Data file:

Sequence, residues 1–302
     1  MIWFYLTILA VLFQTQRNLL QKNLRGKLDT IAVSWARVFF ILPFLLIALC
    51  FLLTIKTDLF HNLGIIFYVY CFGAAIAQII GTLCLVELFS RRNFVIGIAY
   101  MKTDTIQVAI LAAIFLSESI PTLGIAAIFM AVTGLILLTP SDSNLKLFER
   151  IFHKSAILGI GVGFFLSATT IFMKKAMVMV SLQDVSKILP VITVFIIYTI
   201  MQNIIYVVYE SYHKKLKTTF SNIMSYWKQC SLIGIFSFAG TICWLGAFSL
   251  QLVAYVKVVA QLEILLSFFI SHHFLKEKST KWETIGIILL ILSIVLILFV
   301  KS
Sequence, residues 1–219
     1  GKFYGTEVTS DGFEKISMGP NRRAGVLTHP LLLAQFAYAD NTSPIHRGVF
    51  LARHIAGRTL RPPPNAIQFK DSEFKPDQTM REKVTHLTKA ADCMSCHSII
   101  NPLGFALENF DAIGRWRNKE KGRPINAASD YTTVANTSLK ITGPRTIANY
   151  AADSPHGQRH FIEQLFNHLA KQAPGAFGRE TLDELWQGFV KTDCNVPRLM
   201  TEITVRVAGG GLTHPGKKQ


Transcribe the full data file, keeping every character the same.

Sequence, residues 1–302
     1  MIWFYLTILA VLFQTQRNLL QKNLRGKLDT IAVSWARVFF ILPFLLIALC
    51  FLLTIKTDLF HNLGIIFYVY CFGAAIAQII GTLCLVELFS RRNFVIGIAY
   101  MKTDTIQVAI LAAIFLSESI PTLGIAAIFM AVTGLILLTP SDSNLKLFER
   151  IFHKSAILGI GVGFFLSATT IFMKKAMVMV SLQDVSKILP VITVFIIYTI
   201  MQNIIYVVYE SYHKKLKTTF SNIMSYWKQC SLIGIFSFAG TICWLGAFSL
   251  QLVAYVKVVA QLEILLSFFI SHHFLKEKST KWETIGIILL ILSIVLILFV
   301  KS
Sequence, residues 1–219
     1  GKFYGTEVTS DGFEKISMGP NRRAGVLTHP LLLAQFAYAD NTSPIHRGVF
    51  LARHIAGRTL RPPPNAIQFK DSEFKPDQTM REKVTHLTKA ADCMSCHSII
   101  NPLGFALENF DAIGRWRNKE KGRPINAASD YTTVANTSLK ITGPRTIANY
   151  AADSPHGQRH FIEQLFNHLA KQAPGAFGRE TLDELWQGFV KTDCNVPRLM
   201  TEITVRVAGG GLTHPGKKQ